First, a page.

Dexter Gordon: The Tower of Power

Prestige Records/ Universal Music; CD; Rs. 295

Dexter Gordon (1923-1990) was in Billy Eckstine's big band in the early 1940s when that outfit had among its members two of the founders of be-bop, Charlie Parker and Dizzy Gillespie. He naturally became the first tenor saxophonist to espouse the new genre of jazz, going on to become one of the leading lights of its successor, hard bop.

This 1969 recording finds Gordon in terrific form leading a quartet comprising Barry Harris on piano, Buster Williams on bass and Albert “Tootie” Heath on drums, with the recently deceased James Moody joining them on tenor sax for the first track, “Montmartre”. The album has some 36 minutes of music, and Gordon wrote three of its four tracks, the first, “Montmartre”, being one of his most famous compositions. After a drum solo intro, he and Moody take the lead on its theme, alternating passages having Moody on the left and Gordon on the right. Gordon and Moody take the first and second solos, followed by Harris and Williams. Drum solo passages alternate with the theme at the end. Both tenorists put plenty of power and emotion into their tenor sax work, and they're backed well by Harris and Williams.

“Montmartre” is brisk, faster than the other three numbers, which are either medium-paced or slow-medium.

Gordon takes the lead on the theme on all three and then solos, with piano and bass solos following. Exchanges between Gordon and Heath on one track and a bass solo intro on another introduce further variety. The last track, the slow-medium “Those Were the Days” composed by Gene Raskin and a big pop hit in the 1960s, was based on a classic Russian/ Ukrainian folk song from the turn of the last century. Gordon's version has longish passages at the beginning and end on which he renders the melody without a beat, is permeated with more wistful longing than the pop version without falling into sentimentality.

Gordon stays on the right throughout the album, balancing nicely the rest of his quartet who're grouped towards the left (as is Moody on the first track). There's a lovely soulful quality to the music, and particularly Gordon's work.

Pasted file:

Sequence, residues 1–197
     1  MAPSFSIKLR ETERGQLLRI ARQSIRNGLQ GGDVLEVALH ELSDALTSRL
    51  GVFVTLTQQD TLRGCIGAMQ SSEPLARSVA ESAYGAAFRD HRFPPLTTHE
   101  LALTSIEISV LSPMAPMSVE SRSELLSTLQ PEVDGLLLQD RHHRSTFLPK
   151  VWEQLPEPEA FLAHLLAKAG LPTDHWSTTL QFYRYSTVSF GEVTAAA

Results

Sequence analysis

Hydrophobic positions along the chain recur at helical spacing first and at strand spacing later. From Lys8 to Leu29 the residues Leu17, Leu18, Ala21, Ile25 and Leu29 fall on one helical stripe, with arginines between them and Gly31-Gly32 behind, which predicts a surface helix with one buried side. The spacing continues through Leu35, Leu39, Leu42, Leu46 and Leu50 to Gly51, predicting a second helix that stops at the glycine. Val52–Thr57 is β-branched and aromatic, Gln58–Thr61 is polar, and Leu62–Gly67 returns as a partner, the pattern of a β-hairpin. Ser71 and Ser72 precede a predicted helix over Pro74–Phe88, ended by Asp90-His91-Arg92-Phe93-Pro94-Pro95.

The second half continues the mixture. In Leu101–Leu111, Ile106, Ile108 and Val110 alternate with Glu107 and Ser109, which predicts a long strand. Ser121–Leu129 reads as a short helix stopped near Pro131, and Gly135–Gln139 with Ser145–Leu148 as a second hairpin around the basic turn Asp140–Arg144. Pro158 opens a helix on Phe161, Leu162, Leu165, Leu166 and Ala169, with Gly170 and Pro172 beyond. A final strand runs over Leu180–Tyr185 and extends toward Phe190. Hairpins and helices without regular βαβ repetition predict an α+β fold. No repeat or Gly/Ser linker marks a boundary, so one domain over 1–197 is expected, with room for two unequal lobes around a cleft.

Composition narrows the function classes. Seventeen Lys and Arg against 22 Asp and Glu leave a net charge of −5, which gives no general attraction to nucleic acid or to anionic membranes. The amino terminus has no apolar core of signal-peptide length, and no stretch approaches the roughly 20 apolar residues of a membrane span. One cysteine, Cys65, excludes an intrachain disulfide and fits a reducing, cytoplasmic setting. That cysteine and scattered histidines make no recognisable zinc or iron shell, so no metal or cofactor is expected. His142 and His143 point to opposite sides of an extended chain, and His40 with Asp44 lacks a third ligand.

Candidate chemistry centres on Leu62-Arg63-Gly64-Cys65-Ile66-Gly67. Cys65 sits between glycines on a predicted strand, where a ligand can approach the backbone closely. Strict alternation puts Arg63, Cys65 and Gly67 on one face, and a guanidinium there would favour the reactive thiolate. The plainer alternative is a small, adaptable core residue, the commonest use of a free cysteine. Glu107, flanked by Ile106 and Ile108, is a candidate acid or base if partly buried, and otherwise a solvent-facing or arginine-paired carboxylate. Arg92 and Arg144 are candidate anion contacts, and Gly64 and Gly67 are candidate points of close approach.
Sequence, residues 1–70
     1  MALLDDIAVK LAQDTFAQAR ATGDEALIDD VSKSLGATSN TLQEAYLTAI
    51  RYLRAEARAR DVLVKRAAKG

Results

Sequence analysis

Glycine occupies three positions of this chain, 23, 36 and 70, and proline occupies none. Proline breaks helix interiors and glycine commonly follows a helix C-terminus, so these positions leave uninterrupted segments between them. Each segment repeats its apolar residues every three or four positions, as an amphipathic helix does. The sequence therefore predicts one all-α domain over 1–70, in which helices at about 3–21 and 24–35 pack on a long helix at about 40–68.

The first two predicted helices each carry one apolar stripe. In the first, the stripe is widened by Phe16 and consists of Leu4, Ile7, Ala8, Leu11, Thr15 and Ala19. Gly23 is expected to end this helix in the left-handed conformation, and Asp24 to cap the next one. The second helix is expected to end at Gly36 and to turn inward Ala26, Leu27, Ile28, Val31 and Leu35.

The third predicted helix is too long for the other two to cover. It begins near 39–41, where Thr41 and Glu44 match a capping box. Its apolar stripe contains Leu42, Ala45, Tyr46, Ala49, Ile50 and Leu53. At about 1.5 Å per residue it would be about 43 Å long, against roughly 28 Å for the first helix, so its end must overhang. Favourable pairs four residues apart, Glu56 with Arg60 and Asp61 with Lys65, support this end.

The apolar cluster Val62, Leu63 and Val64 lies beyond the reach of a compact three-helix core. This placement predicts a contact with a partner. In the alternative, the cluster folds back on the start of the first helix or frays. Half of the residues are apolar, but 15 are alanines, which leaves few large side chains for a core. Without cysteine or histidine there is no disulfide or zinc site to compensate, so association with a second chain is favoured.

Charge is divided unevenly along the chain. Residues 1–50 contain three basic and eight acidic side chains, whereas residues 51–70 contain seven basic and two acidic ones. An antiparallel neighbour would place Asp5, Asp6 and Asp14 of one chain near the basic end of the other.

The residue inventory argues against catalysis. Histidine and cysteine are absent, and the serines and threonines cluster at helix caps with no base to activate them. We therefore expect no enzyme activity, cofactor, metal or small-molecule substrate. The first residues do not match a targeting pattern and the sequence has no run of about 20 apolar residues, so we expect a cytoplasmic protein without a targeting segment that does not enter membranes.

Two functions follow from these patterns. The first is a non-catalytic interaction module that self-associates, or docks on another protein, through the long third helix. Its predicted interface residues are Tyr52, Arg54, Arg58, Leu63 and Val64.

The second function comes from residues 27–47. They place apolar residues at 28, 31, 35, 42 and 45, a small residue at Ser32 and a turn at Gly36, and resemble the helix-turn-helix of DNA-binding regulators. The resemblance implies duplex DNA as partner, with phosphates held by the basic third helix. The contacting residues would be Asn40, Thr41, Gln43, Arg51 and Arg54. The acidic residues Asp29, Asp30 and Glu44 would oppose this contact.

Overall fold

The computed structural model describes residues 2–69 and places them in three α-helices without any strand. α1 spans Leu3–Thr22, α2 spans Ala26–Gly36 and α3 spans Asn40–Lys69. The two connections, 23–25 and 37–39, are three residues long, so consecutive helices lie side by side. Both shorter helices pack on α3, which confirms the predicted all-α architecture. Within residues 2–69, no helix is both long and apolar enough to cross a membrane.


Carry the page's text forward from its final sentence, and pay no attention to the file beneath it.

Joe Henderson: Mode for Joe (Rudy Van Gelder Edition)

Blue Note/ Virgin Records; CD; Rs. 295

Joe Henderson (1937-2001) was one of the leading tenor saxophonists in the hard bop style of jazz from the 1960s to the beginning of this century.

We met him recently in these columns under the leadership of the trumpeter Lee Morgan, and on this 1966 album Morgan returns the favour. Curtis Fuller on trombone, Bobby Hutcherson on vibraphone, Cedar Walton on piano, Ron Carter on bass, all leaders on their instruments for the last half-century, and Joe Chambers on drums join Henderson and Morgan to make this a sonically rich septet for a very satisfying album.

Seven tracks, including an alternative take of Walton's “Black”, make up nearly 50 minutes of playing time, the title track being also written by Walton and “Free Wheelin'” by Morgan, the leader having composed the rest. “Granted” is fast-paced, “Free Wheelin'” in medium tempo and all the rest brisk. All offer brilliant solos by Henderson and Morgan, followed on some tracks by Walton and on the others by Fuller and Hutcherson, all usually in that order, while only “Granted” has solos by all these five and, for good measure, Carter too.

Hutcherson's beautifully melodic instrument, entirely absent on “A Shade of Jade”, doesn't figure in the solos on “Black” although it is quite prominent in the theme of that number.

He's also prominent alternating with Henderson on the theme of “Mode for Joe”, which has the only other solo by Carter on the album.

Carter also steps forward for a couple of intros, and is otherwise very strong in support, as is Chambers. Chambers's only solo on the album appears on what might arguably be the most rhythmic number, “Caribbean Fire Dance”, developing out of a dialogue with the ensemble and then yielding place to the final statement of the theme by the ensemble.

“Granted”, with its fast pace and solos by several musicians, and “Caribbean Fire Dance” are the most action-packed tracks, while the title track and “Mode for Joe” pip them for sheer musical beauty.